What really matters when dealing with ZFS pools and datasets portability is their versions. You can always import a pool using a version less or equal to the one your OS supports, and the same rule applies for datasets (i.e. file systems, zvols and snapshots).
So if you plan to move ZFS pools from some OSes to different ones, make sure you select the largest common version for pools, file systems and zvols you want to share. eg:
zpool create -o version=28 -O version=5 ...
Beware too that the Open Source branch of ZFS introduced "feature flags" which, when enabled, make the pools incompatible with Solaris. They set the pool version to 5000. On the other hand, feature flags were designed to allow some flexibility when moving a pool to an OS not supporting some features.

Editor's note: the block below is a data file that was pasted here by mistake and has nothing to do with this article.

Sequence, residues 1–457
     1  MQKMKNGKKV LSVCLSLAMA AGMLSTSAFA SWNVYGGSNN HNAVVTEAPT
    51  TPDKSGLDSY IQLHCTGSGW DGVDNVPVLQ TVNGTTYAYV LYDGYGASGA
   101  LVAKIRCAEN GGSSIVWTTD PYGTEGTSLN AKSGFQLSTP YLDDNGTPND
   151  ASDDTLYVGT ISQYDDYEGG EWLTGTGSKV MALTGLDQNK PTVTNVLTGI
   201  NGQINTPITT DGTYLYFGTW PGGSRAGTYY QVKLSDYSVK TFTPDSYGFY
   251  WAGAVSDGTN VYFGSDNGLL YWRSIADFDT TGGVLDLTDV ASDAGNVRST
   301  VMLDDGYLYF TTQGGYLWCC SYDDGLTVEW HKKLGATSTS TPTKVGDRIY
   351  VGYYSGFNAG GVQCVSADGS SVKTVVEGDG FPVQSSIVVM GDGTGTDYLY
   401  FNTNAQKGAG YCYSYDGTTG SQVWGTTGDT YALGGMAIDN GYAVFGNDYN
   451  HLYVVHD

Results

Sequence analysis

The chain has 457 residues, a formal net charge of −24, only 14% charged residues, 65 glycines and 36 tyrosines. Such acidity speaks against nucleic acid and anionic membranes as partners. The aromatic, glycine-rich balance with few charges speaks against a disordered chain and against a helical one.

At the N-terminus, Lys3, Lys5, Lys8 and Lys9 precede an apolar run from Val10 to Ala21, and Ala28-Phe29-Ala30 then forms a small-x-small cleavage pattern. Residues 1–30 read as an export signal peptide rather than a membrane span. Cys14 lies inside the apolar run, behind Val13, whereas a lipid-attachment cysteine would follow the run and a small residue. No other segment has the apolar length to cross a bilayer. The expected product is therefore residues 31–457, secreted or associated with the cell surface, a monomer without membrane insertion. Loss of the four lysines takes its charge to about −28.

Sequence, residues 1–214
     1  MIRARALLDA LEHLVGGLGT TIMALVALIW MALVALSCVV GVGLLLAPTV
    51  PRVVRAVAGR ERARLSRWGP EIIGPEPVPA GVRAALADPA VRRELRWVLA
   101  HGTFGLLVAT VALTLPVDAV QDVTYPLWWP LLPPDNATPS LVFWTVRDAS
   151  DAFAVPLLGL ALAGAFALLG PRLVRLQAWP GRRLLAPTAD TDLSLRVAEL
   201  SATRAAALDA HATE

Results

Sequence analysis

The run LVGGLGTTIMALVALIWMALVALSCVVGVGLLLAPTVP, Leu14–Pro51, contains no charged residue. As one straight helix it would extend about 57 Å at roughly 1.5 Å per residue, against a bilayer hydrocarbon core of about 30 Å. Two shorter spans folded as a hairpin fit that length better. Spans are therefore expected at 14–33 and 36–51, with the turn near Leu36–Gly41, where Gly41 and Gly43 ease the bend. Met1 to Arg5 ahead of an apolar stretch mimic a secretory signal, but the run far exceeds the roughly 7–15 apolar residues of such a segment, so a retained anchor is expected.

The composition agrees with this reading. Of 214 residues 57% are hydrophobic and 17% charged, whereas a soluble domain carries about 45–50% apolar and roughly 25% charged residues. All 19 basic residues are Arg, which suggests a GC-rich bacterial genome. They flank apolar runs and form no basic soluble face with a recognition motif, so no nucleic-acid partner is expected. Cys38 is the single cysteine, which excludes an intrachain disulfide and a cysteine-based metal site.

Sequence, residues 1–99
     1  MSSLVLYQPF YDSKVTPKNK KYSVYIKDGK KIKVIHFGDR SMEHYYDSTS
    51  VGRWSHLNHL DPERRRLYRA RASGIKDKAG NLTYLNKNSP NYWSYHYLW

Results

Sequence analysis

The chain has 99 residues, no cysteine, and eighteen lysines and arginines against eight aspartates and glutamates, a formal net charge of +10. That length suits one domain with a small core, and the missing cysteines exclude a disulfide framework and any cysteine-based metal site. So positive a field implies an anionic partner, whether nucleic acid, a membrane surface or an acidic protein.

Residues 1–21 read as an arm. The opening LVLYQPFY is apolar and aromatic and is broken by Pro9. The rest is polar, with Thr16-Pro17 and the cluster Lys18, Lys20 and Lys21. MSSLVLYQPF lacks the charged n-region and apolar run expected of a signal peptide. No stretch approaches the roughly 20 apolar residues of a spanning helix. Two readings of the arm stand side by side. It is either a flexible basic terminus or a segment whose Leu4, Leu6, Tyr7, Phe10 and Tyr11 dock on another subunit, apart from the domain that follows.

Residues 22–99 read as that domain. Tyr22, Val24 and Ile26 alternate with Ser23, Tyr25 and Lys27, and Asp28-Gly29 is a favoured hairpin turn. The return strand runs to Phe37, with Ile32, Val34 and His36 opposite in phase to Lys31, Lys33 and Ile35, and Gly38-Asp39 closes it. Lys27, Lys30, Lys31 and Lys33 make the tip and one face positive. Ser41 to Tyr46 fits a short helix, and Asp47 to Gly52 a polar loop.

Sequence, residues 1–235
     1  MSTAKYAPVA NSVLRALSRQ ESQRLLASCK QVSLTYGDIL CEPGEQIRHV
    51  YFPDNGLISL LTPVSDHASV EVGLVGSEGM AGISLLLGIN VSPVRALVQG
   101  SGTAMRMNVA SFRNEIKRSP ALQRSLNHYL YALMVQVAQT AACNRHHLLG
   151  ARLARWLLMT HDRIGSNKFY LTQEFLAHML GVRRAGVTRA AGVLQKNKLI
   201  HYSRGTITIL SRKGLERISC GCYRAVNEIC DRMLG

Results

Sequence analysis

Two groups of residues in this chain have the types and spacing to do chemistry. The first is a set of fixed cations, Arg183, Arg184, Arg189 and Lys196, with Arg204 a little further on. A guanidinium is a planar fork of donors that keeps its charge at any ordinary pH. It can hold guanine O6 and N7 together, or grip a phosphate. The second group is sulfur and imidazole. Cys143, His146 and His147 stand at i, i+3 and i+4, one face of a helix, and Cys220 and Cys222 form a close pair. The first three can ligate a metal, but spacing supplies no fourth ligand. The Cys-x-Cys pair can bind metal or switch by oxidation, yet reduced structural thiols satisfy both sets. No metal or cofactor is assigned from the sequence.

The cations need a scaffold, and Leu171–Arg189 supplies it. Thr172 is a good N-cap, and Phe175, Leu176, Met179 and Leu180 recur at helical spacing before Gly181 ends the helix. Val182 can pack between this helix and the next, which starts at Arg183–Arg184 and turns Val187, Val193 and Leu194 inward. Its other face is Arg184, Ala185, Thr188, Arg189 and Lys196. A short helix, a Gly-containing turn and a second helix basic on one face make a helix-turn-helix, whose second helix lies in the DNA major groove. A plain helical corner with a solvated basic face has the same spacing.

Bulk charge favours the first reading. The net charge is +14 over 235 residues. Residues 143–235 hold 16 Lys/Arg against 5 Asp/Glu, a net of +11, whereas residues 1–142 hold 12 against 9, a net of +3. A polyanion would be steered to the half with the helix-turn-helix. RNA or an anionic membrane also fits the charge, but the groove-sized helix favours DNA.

About architectures, ZFS objects are written using the native bit ordering of the platform. This is not a problem as all ZFS implementations are able to read both big endian and little endian objects. The endianness is stored along with all data structures. There is then no issue importing a pool from say x86 to SPARC and reciprocally.
Finally, you might have issues when dealing with pools built on non whole disks. The target OS must be able to understand the source disk partitioning. The worst case scenario would be if you create a pool based on plain files (which is not recommended outside testing) and the file system used cannot be mounted on the target platform.